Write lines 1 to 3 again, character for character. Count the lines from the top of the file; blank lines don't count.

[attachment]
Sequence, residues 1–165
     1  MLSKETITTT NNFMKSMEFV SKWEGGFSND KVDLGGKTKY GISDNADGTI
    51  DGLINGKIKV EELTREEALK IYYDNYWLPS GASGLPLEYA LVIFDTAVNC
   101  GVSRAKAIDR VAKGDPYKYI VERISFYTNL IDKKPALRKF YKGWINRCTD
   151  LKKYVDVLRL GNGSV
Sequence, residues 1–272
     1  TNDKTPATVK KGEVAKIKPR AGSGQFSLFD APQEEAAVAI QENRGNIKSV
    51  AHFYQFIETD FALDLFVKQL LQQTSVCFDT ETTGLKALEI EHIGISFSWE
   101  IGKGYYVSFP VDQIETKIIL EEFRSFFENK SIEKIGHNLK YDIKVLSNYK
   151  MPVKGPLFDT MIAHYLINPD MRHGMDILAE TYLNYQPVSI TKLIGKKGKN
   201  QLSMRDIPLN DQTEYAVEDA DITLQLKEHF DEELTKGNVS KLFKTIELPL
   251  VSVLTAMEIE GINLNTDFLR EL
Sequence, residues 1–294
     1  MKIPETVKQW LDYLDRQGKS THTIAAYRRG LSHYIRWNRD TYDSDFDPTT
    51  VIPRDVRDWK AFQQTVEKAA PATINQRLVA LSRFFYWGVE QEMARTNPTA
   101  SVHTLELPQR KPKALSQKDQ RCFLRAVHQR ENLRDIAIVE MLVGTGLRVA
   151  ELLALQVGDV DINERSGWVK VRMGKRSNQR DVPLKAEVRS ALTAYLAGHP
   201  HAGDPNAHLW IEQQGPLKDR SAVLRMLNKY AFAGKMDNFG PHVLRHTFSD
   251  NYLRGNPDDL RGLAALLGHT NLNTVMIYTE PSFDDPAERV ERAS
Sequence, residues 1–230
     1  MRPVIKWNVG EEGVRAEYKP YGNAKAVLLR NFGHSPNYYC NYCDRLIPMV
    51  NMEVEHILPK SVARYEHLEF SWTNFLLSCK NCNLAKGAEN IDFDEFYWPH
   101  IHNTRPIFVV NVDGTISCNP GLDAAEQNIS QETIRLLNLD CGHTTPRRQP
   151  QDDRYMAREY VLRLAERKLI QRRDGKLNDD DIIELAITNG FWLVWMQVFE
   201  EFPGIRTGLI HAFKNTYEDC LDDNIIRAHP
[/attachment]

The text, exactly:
Sequence, residues 1–165
     1  MLSKETITTT NNFMKSMEFV SKWEGGFSND KVDLGGKTKY GISDNADGTI
    51  DGLINGKIKV EELTREEALK IYYDNYWLPS GASGLPLEYA LVIFDTAVNC